Just meandering through Boston is a religious experience. The scenery changes every mile or so, they atmosphere changes. It all changes, but it all feels the same. Safe, lived in, comfortable, happy. The entire city feels like home, even though I’ve never lived in the Back Bay, or the South End, or the North End. It all feels so comfortable.
Being there electrifies me. It makes me want to write, to create, to experience, and to enjoy everything around me. I don’t just sit at home, I plan where to go and when and how. I spend entire days wandering around the city. Actually, a large part of my creative drive is that I can take the T literally everywhere I need to go. Being able to sit back and zone out for 20-40 minutes allows for a lot of creativity to flow. Or a lot of reading. As a writer you can just watch the people mill in and out of the train, all different types going about their daily routines.
I’ll always pick Sam Adams over any other beer. I’ll always root for the Red Sox, Patriots, Bruins, and Celtics (even though I live in Lakers country). I’ll always know every word to “Dirty Water.” And forever argue that, yes IT IS about Boston, not some other city. I’ll always spend a blizzard inside with a bottle of something to keep warm. I’ll probably do the same thing during a hurricane. Any natural disaster, really, you can find me in Boston, getting drunk with the rest of the city. I’ll take right hand turns from the far left lane, and when I hear Sweet Caroline my eyes well up just a little, because GODDAMMIT we finally reversed the curse.
Sometimes I’ll drop my r’s, and sometimes I’ll talk fondly of Mike’s Pastry (peanut butter cannoli anyone?). I will shit talk the Green Line (because, ugh that noise). I will admit we’re not the biggest city, and we don’t have the most options. Dammit, we’ve got the most dedication for such a scrappy underdog. You saw it in 2013 after the bombing, we don’t get mad. We get even. And then, usually, we get drunk.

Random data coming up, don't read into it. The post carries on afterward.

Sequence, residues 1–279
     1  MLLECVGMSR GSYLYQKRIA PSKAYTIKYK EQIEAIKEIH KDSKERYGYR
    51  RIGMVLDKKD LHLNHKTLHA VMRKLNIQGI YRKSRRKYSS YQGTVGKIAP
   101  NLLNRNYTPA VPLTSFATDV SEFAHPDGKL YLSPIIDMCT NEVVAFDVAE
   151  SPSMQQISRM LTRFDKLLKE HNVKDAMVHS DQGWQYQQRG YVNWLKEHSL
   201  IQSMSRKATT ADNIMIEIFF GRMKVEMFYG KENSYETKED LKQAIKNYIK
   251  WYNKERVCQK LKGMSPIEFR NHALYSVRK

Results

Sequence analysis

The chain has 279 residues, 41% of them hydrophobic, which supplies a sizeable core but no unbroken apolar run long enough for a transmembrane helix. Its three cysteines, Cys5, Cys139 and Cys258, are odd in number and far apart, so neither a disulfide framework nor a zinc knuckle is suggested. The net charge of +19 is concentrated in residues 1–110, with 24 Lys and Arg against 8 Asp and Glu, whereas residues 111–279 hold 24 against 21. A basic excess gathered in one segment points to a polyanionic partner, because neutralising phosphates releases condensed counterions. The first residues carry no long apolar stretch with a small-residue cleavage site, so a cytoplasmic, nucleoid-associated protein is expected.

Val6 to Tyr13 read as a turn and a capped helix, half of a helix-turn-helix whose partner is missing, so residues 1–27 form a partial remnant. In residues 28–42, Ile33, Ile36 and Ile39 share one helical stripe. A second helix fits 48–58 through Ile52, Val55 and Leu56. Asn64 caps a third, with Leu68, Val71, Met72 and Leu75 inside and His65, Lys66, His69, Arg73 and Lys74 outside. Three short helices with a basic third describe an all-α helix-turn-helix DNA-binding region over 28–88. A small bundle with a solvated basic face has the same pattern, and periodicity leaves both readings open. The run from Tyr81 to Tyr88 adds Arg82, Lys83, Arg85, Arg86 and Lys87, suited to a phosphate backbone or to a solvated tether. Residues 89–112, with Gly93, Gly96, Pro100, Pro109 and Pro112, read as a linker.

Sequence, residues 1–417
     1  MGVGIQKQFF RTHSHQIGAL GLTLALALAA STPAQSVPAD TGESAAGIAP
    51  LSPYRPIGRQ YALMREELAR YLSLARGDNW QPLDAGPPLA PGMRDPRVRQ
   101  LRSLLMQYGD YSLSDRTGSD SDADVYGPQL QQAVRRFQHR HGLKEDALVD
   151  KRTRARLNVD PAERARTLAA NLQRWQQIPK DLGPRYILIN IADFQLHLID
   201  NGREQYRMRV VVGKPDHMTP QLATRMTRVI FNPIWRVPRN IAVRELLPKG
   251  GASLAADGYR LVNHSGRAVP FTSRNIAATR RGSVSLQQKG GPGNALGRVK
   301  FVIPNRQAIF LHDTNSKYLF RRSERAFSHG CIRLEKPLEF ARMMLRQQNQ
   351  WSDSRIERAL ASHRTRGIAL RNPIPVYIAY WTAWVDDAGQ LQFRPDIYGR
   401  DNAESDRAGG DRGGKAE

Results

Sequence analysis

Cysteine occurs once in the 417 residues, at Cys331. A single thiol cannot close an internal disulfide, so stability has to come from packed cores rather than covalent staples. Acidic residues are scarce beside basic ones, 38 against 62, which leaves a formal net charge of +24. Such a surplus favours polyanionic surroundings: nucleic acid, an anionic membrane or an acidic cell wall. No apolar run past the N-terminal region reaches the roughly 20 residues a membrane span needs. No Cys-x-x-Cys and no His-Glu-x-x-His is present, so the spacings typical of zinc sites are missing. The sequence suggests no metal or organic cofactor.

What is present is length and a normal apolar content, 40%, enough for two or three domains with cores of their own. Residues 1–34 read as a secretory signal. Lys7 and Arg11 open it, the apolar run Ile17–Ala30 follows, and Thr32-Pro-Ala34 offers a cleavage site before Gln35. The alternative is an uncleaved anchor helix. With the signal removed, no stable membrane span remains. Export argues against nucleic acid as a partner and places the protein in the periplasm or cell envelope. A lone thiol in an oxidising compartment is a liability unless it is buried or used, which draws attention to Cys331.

But really, the point of all this, is that Boston will always be where I call home. I identify with the people, and the aggression, and the mentality. We’ve always been the ones to keep fighting, and we’re not going to stop any time soon. It’s why I feel like I have the courage to keep plugging away at a career in writing, because I’ve got this Bostonian fire inside me.
I miss all these things, and SO many more. I’m constantly reminded that it’s been 90 degrees for months and the last time it rained was in March. Seasons don’t exist in Los Angeles, at least not the way I’m used to seasons. And rain. I would sacrifice a virgin on top of a mountain if it meant it would really rain some time soon. The kind of thunderstorm that only comes to break the humidity. That’s what I want.
Living in Los Angeles on my own has taught me more about myself than almost any of my other life experiences. But more than anything, it’s taught me that, at the end of the day, when all is said and done, I want to raise my kids in a town where for almost my entire life up to this point not a single person understood Mumbles Menino. Just the fact that we called him that affectionately should tell you why I want to move back there one day.
SO this is my love letter to Boston, no matter where I live, you’ll always be in my heart (and one day on my skin). May your tunnels never leak. May your buildings continue to tell sailors what the weather is (top of the Old John Hancock building – which is actually called the Berkeley Building – flashes red and blue lights indicating cloudy, sunny, or stormy skies). May your beer stay cold and fresh. May your cobblestone streets continue to trip drunk biddies (and may I be there to watch?). May you never forget the principles on which you were founded. May you always have a running public transit system, that maybe kind of sucks but at least covers the entire city. May you continue winning World Series, and Stanley Cups, and Super Bowls, and basketball things. But most importantly, may you always save room for me.
*Technically I’m from Medford (Meffid) but unless you’re from Massachusetts you’ve probably never heard of Medford outside of Tufts University (which claims it’s in Somerville and that is partially incorrect)